Lincoln’s generosity of spirit and ill will towards no one, in combination with strength of will, would lead to what his once and then closest friend William Seward would call “great resolutions”. This same virtue would be evident to the nation as Lincoln never firmly blamed one side or the other for the precipitous position they found themselves in. What is most admirable about Lincoln in office is his charity, coupled with his resolute character. Many charitable people are not strong-willed and all too often the strong willed and forcefully resolute person lacks in charity. The 16th president, to the astonishment of the entire world then and even now, was both. Lincoln knew he was an intelligent man. He must have thought about his journey from nothing to president. Yet somehow he achieved a detached sense of self. This was in part largely due to his desire to “plow to first principles”. His ego had no role in the enormous human drama that confronted him. His was a righteous and noble task: “to preserve the union, that last best hope of earth,” not to mercilessly wage war and flex his might as president of the United States.
Perhaps the best way to understand Lincoln’s magnanimity is through his incredibly eloquent and homily-like second inaugural address:
But let us judge not, that we be not judged. The prayers of both could not be answered. That of neither has been answered fully. The Almighty has His own purposes. "Woe unto the world because of offenses; for it must needs be that offenses come, but woe to that man by whom the offense cometh." If we shall suppose that American slavery is one of those offenses which, in the providence of God, must needs come, but which, having continued through His appointed time, He now wills to remove, and that He gives to both North and South this terrible war as the woe due to those by whom the offense came, shall we discern therein any departure from those divine attributes which the believers in a living God always ascribe to Him? Fondly do we hope, fervently do we pray, that this mighty scourge of war may speedily pass away? Yet, if God wills that it continue until all the wealth piled by the bondsman's two hundred and fifty years of unrequited toil shall be sunk, and until every drop of blood drawn with the lash shall be paid by another drawn with the sword, as was said three thousand years ago, so still it must be said "the judgments of the Lord are true and righteous altogether. With malice toward none, with charity for all, with firmness in the right as God gives us to see the right, let us strive on to finish the work we are in, to bind up the nation's wounds, to care for him who shall have borne the battle and for his widow and his orphan, to do all which may achieve and cherish a just and lasting peace among ourselves and with all nations.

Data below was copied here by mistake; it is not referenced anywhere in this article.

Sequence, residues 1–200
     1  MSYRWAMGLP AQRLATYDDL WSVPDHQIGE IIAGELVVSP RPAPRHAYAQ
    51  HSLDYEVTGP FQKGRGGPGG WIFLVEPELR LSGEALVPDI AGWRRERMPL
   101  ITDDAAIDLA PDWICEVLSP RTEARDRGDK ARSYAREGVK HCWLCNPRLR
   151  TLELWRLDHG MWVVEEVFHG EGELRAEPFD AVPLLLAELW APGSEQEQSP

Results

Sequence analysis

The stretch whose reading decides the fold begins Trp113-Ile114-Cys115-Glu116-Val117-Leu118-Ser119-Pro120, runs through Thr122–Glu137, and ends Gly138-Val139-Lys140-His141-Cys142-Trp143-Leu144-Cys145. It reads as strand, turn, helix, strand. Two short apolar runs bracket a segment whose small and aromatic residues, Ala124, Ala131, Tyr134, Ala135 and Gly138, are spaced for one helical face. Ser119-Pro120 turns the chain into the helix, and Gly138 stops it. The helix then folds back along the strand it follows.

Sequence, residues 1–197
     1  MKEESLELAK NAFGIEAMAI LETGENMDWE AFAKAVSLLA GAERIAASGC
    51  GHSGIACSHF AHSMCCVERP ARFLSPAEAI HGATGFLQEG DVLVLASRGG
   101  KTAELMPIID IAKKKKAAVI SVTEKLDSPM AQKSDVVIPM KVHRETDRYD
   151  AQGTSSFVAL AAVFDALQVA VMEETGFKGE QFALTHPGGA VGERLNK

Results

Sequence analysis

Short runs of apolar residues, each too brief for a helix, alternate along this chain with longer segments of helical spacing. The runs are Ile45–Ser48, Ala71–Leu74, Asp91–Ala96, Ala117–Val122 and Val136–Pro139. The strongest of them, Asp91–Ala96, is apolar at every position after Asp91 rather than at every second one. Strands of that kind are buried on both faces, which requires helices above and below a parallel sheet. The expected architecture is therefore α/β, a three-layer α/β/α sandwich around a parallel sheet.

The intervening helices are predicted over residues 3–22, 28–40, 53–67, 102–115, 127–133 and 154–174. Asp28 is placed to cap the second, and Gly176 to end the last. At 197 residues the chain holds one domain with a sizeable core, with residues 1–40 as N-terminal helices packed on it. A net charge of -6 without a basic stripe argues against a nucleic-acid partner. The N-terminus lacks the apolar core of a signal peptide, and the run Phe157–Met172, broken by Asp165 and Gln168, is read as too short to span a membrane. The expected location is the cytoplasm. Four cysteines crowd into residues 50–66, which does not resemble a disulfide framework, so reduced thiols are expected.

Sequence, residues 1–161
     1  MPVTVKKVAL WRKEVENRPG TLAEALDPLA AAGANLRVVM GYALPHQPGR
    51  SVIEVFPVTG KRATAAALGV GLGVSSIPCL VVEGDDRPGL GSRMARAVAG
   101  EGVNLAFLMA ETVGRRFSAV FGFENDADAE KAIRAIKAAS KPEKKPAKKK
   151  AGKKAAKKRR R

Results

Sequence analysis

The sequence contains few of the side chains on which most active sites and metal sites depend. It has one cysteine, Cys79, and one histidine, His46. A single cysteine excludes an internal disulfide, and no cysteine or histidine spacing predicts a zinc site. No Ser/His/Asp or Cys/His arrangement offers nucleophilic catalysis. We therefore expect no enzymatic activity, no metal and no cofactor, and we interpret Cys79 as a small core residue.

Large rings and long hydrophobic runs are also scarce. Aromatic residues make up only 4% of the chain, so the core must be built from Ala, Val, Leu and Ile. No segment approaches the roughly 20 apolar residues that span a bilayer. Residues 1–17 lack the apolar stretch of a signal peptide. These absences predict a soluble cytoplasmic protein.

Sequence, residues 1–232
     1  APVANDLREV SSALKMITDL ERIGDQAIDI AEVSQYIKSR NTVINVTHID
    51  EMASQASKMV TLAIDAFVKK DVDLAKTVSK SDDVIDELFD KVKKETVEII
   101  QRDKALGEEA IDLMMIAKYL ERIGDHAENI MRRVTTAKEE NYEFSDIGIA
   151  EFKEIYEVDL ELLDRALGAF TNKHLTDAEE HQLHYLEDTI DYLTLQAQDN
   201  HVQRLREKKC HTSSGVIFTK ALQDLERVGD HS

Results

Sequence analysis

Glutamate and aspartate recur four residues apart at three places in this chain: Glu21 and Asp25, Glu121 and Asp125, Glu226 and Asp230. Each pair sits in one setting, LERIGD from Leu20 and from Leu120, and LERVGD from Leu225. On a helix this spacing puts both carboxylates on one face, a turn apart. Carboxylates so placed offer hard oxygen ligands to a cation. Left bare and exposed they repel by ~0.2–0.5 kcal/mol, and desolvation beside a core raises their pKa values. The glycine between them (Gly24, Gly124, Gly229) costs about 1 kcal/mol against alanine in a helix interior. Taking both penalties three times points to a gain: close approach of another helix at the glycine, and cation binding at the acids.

A young Lincoln, not much older than ten, would write his name in his book, as a million other children have done, in that self-indulgent childlike fantasy that someday that name will ring bells. Underneath his name can be found a little poem:
His hand and pen
He will be good
But God knows when.
Eric Foner must be right: when we look at Lincoln we look at ourselves, or at least the self we want to be. He is the best of us. His relevance will always lie with his great political achievements - that is to be certain. But in a world now dominated by fast talking, quick thinking, instant gratification, mind-controlling media, and politicians who abuse their power and privilege, his relevance may be the example he left behind for us: an imperfect man devoted to service of country and fellow man, champion of principles essential to the common good, who constantly sought improvement, whether intellectually, morally, or professionally. Regardless, he certainly was wrong when he said at Gettysburg that “the world will little note nor long remember.” Rather, as Charles Sumner so aptly spoke in his eulogy, “The world noted at once what he said, and will never cease to remember it.”